• Dwayne
    May 31, 2011 - 08:55

    I have worked in the industry for a few years a while back, and the bottom line is no matter what your advertising, there is freedom to do so. However, the taste of these signs can be controlled. The stripe clubs can advertise there features, but have to do so in good taste. So why doesnt the City take this route to have the signs changes, to tastful, and limit the size of the signs. Mandatory 8 x 10. They can also change the nature of the signs, no nudity, no depicting of sexual acts. There are ways to control it, just have to be creative.

  • Percy
    May 31, 2011 - 08:53

    My, oh my, what are the city of St.John's Councillors going to talk about next. These photos of semi nude women are not porn... Just look at any Sears or other catalogs, and you will see women half dressed.. They are making a mountain out of a mole hill..... It is 2011 not in the day of Queen Victoria.. Get a life....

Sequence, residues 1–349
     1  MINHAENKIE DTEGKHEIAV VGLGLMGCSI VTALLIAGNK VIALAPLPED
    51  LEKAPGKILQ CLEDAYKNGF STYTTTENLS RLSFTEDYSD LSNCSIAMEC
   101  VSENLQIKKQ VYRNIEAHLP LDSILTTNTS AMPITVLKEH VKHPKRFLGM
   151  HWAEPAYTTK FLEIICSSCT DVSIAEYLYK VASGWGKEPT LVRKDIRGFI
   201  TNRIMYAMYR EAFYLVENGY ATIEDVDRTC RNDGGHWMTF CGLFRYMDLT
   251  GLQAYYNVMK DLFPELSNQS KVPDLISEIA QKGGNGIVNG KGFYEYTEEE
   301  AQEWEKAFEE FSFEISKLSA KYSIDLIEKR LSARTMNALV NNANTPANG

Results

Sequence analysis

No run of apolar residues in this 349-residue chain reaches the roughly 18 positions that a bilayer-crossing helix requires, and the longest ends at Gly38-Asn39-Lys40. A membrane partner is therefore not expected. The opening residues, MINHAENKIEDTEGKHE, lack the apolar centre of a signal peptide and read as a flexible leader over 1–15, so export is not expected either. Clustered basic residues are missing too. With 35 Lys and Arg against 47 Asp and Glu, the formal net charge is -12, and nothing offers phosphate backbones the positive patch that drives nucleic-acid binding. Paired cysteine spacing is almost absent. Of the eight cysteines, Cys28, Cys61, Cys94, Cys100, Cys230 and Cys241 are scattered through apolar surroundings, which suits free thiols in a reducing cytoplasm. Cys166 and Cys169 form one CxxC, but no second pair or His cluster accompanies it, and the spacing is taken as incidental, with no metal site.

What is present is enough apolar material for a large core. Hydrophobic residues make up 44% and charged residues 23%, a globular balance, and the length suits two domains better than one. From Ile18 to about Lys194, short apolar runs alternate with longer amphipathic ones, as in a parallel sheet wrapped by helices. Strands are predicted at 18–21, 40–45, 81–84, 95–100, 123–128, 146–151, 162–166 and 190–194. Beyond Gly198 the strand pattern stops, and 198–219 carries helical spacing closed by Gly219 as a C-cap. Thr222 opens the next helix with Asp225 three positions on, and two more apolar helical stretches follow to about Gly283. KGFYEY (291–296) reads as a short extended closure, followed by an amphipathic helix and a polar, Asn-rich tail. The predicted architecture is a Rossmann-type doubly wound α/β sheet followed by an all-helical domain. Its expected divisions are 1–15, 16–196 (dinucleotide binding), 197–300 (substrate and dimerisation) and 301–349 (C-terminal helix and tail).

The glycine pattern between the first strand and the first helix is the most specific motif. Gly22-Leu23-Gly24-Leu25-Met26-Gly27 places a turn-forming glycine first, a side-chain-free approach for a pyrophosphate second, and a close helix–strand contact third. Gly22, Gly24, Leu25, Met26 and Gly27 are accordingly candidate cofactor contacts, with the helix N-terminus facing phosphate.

• tom
    May 31, 2011 - 08:36

    All the posters make the downtown look dirty, especially when they get wet and torn. Do away with the pole advertising and create a website, or page off the city website, where these ads can be posted if people want to know what is going on -- or create a large board, in a few different areas of town for the groups to post. Either way, make downtown more appealing.

  • Br
    May 31, 2011 - 08:28

    The 3 ladies on council should just walk across the street and ask the owner to keep the advertising off the street til it gets dark, assuming the owner is reasonable. If he/she is not, park a few cop cars outside the door for a while. After that, the ladies can stand outside the door with cameras for a while. Then see how long the advertising stays up.

  • steve
    May 31, 2011 - 08:20